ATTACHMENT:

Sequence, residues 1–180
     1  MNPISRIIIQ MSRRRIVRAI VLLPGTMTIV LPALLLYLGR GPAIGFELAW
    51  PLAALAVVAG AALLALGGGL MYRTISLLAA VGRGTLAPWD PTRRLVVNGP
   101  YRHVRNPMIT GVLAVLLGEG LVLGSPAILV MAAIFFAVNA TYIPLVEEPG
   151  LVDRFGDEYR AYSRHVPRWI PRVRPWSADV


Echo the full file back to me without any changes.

Sequence, residues 1–180
     1  MNPISRIIIQ MSRRRIVRAI VLLPGTMTIV LPALLLYLGR GPAIGFELAW
    51  PLAALAVVAG AALLALGGGL MYRTISLLAA VGRGTLAPWD PTRRLVVNGP
   101  YRHVRNPMIT GVLAVLLGEG LVLGSPAILV MAAIFFAVNA TYIPLVEEPG
   151  LVDRFGDEYR AYSRHVPRWI PRVRPWSADV